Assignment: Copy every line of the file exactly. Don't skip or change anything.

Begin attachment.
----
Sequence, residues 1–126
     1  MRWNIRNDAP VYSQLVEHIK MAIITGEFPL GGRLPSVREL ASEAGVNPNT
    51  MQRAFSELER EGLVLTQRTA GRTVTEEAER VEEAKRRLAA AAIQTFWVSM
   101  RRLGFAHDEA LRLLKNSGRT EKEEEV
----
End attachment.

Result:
Sequence, residues 1–126
     1  MRWNIRNDAP VYSQLVEHIK MAIITGEFPL GGRLPSVREL ASEAGVNPNT
    51  MQRAFSELER EGLVLTQRTA GRTVTEEAER VEEAKRRLAA AAIQTFWVSM
   101  RRLGFAHDEA LRLLKNSGRT EKEEEV